MosaicPolaroid Project

Polaroid Project was created in two hours at a live art event, using 150 cut up Polaroid photos.

In DUMBO Brooklyn, three photographers were each given a Polaroid camera, 150 exposures, a bag of tools, an audience of 300 people dressed as grandmothers, and two hours in which to take and assemble 150 photographs into a mosaic, telling some kind of a story. The other participants were Elizabeth Weinberg and Joseph Holmes.

Starting in opposite corners are uncut pictures of a fully clothed man (bottom left / tinted blue) and a fully clothed woman (top right / tinted pink). Both genders twist towards the center along curved paths, discarding clothes, wigs, shoes, and other accessories along the way, as the photos start to shatter, becoming less about objects and more about flesh. Approaching the center, the pictures are increasingly difficult to discern, as body parts blend together and their owners' identities dissolve. Throughout the piece, the male and female cut marks are symmetric, mirrored copies of each other, extending beyond the boundaries of the photographs into the white border, itself composed of the individual white borders of all 150 Polaroids, so that the whole canvas comes to resemble a single giant Polaroid exposure.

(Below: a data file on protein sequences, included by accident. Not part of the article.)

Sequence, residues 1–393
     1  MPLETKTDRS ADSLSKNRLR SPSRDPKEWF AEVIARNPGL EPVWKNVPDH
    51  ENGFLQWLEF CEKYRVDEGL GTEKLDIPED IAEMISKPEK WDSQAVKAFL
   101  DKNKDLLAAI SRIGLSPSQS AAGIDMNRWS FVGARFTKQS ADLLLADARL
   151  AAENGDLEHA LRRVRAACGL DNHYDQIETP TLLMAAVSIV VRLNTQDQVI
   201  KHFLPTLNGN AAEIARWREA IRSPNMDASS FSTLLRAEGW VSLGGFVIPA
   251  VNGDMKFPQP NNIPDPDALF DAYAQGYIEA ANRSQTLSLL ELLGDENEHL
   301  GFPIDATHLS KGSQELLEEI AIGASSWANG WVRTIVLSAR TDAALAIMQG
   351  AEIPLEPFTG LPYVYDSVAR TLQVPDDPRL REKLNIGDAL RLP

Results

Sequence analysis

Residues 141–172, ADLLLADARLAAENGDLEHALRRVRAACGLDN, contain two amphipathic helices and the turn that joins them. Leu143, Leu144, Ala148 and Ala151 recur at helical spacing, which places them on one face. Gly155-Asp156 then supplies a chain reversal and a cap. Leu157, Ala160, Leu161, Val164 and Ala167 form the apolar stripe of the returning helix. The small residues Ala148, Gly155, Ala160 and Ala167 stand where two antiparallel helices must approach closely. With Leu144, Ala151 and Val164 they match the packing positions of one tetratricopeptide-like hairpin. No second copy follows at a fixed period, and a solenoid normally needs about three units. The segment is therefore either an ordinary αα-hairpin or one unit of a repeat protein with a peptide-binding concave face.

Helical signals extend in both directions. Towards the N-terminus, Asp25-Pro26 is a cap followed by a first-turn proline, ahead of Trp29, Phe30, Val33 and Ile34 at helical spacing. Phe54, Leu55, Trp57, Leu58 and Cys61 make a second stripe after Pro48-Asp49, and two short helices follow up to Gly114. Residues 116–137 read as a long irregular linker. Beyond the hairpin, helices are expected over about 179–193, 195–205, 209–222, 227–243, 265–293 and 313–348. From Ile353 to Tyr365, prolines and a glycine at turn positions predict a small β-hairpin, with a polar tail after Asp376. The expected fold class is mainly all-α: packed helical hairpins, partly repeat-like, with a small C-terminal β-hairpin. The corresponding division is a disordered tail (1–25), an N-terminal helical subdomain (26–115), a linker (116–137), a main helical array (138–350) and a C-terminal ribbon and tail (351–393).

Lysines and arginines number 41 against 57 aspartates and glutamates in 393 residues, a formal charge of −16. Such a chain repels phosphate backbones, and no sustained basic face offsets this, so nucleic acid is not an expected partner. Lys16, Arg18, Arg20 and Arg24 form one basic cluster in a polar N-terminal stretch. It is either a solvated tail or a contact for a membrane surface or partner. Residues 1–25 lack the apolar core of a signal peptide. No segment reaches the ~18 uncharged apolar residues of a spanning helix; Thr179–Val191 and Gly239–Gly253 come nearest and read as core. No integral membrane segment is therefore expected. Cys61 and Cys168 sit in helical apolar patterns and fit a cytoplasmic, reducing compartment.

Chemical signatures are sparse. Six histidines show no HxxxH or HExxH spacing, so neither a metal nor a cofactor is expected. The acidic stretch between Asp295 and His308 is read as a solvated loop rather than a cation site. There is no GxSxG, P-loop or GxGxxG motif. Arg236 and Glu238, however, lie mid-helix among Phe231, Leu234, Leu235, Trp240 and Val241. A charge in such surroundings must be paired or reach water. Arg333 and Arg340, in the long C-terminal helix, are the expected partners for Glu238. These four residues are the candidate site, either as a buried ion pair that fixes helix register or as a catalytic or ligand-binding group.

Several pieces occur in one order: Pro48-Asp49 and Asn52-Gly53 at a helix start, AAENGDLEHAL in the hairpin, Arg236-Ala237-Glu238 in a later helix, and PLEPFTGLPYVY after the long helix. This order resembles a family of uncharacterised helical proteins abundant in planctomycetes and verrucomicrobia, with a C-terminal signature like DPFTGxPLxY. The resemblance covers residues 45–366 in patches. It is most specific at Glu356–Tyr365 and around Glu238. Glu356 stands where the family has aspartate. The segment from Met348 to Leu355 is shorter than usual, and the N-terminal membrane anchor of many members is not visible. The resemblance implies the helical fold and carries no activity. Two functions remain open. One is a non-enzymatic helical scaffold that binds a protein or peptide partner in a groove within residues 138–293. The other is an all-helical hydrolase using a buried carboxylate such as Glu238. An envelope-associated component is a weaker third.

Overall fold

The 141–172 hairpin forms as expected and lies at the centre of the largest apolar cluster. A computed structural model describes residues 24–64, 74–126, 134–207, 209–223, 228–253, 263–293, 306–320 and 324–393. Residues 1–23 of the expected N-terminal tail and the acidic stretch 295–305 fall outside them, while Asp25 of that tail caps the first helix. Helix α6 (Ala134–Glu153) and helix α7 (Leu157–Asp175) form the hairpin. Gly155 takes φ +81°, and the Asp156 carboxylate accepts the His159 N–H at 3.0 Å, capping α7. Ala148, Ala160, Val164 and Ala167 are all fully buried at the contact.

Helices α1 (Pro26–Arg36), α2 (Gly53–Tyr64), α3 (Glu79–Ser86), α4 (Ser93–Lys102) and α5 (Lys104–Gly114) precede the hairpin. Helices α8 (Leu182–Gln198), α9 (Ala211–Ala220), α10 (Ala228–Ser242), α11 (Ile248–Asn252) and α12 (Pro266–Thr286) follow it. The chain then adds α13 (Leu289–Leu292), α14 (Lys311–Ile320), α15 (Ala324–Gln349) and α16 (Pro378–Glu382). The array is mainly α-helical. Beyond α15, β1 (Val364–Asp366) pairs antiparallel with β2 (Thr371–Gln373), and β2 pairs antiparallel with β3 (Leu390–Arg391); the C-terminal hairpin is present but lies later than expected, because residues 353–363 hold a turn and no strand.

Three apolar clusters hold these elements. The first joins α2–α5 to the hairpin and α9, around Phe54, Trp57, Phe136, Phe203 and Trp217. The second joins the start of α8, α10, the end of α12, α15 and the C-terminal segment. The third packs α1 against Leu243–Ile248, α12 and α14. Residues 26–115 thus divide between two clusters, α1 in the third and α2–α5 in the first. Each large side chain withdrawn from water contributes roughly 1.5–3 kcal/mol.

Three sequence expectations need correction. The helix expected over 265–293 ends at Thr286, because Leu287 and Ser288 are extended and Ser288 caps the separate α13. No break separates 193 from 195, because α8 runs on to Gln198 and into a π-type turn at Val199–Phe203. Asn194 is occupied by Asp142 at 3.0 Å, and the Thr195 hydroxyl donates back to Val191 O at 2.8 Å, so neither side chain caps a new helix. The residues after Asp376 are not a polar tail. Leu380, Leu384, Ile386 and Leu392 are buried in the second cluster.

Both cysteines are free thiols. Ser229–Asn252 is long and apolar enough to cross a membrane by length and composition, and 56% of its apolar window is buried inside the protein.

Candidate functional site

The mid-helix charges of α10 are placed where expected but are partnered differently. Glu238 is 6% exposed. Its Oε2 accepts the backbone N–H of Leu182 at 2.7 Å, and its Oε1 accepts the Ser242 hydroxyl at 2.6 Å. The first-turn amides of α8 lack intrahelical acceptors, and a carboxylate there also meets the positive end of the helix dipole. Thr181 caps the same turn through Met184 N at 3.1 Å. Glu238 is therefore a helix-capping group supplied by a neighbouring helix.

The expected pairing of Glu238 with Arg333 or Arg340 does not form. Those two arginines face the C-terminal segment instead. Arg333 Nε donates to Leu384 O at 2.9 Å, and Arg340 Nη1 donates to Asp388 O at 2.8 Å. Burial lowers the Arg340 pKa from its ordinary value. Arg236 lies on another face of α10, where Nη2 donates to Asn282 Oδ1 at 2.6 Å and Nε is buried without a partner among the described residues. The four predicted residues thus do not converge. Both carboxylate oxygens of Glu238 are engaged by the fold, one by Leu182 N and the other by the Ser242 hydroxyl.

Polaroid Project was made by Jonathan Harris and assisted by the wonderful Kyla Fullenwider.